Businesspeople told PACER Plus trade deal without Fiji has no validity

Fiji’s interim regime says any agreement which excludes Fiji will be ineffective for the region’s trade and development.

The interim minister for Trade and Industry was speaking to business people in Nadi who’d gathered to look at the regions’s Pacer Plus agreement currently being negotiated.

Sally Round reports.
“Fiji has been excluded from formal talks between Pacific Island Forum countries on the PACER Plus trade and economic treaty, but member countries have committed to keeping Fiji informed. Fiji’s interim Trade and Industry Minister Aiyaz Sayed Khaiyum told the Australia Pacific Islands Business Council meeting that because Fiji hasn’t been involved in the negotiations it’s safe to assume it won’t serve the interests of Fijians. He says Fiji can’t accept it would be asked to join the talks at an advanced stage without having a a say on all aspects of the package. Mr Sayed Khaiyum says the focus should first be on implementing regional and sub-regional treaties like the Melanesian Spearhead Group Trade Agreement instead of new agreements with what he called dubious benefits.”

Report finds Tonga government ill-advised in claims that city rebuild funds misused

A report has found that the prime minister and cabinet in Tonga have been ill-advised over the progress of the Nuku’alofa rebuild.

Economic development consultant Melino Maka and academic Dr Teena Brown Pulu were commissioned by the government to investigate the handling of the reconstruction.

Mr Maka says they found the rebuild itself is being well managed and remains on schedule.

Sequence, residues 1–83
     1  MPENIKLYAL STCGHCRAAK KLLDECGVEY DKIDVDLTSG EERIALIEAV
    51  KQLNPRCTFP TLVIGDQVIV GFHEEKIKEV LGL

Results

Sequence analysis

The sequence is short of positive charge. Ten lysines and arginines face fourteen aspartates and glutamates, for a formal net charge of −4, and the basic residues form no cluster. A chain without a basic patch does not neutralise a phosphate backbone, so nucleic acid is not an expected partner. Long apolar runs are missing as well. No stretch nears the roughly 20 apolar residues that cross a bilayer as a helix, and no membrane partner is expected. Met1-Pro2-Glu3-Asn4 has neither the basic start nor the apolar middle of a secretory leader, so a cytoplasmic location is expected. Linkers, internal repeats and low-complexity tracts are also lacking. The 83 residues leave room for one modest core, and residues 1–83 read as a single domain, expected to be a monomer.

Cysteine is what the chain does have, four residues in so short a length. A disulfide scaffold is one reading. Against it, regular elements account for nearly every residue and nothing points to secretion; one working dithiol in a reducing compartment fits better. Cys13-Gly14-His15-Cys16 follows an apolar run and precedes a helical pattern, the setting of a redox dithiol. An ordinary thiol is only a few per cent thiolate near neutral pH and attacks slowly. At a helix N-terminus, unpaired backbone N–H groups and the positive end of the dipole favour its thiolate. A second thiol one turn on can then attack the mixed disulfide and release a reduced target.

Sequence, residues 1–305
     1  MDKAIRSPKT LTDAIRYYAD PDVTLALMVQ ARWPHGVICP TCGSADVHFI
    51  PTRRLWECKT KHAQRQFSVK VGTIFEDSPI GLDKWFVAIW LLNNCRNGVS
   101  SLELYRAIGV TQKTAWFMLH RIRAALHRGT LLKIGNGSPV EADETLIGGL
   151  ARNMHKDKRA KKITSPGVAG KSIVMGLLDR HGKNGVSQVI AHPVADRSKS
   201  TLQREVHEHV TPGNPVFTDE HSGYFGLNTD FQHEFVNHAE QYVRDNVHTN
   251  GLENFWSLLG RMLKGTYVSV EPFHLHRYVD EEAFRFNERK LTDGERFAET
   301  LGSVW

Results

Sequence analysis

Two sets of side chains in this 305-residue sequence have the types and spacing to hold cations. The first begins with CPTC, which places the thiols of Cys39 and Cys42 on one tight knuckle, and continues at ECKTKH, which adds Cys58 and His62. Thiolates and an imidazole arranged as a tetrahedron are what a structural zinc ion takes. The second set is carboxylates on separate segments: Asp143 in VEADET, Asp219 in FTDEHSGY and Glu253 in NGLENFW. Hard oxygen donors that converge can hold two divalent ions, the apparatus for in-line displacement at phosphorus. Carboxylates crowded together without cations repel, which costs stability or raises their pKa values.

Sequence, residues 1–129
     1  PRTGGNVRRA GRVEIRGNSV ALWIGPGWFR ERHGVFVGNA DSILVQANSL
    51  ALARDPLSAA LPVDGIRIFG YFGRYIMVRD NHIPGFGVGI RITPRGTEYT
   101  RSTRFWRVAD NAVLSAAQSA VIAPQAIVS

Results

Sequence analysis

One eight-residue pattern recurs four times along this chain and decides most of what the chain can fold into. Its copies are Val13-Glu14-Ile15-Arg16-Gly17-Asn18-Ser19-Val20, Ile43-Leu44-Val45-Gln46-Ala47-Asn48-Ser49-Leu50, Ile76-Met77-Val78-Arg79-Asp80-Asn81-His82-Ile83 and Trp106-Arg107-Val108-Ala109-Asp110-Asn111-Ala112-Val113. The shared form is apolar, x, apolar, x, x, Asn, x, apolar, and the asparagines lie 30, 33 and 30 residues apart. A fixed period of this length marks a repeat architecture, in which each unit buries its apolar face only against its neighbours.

But he says advisors to the prime minister and cabinet have made inaccurate claims against the previous government over missing funds and criticised the Project Management Unit, and construction company.
“All they had to do is to ask for information that was already there. There is a contractor who actually managed the project, they kept very good records of progress - you can’t go and make allegations without asking for information first.”
The report singled out the Nuku’alofa project director - Tukua Tonga, the Foreign Affairs advisor Noble Akau’ola, and prime minister’s communication advisor - Ahongalu Fusimalohi.

Prize-winning Pacific history book reframes traditional view

The author of a new account of the Pacific’s 19th century history says it deviates from the traditional approach by focusing on the lives of specific historical figures.

Islanders: the Pacific in the Age of Empire, which came out at the end of last year, was recently awarded the internationally prestigious Wolfson History Prize.

Nicholas Thomas says his book highlights how much more cosmopolitan the Pacific was at that time than historians generally acknowledge.

He says Pacific people took advantage of as well as suffered from the effects of European colonisation.
“This was an extraordinary process of interaction that had all sorts of consequences I think for the ways islanders imagined who they were, what they were engaged in, what their political projects were, what their possible futures might be.”
Nicholas Thomas says his book tries to give a sense of the complexity of movement within the Pacific.

Vanuatu interim leader appoints cabinet ministers ahead of prime ministerial vote Thursday

Vanuatu’s caretaker Prime Minister, Edward Natapei, has appointed six new ministers to his cabinet.

The changes come after Chief Justice Vincent Lunabek last week ruled that the election of Sato Kilman as prime minister in December last year was null and void and Mr Natapei was restored as interim prime minister.

The six ministers are Samson Samsen, the new agriculture, forestry and fisheries minister, Patrick Crowby the minister for internal affairs, the new minister for youth and sports is Eta Rori, Dominique Morin becomes lands minister, Joshua Kalsakau is the new minister for infrastructure and public utilities and Paul Telukluk becomes minister for ni-Vanuatu business.

The VBTC reports that those retaining their posts from the previous Natapei government are foreign affairs minister Joe Natuman, finance minister Sela Molisa, Bakoa Kaltongga as minister of justice and education minister Charlot Salwai.

Mr Natapei says all ministers will remain in their caretaker role until Parliament meets on Thursday to elect a new prime minister.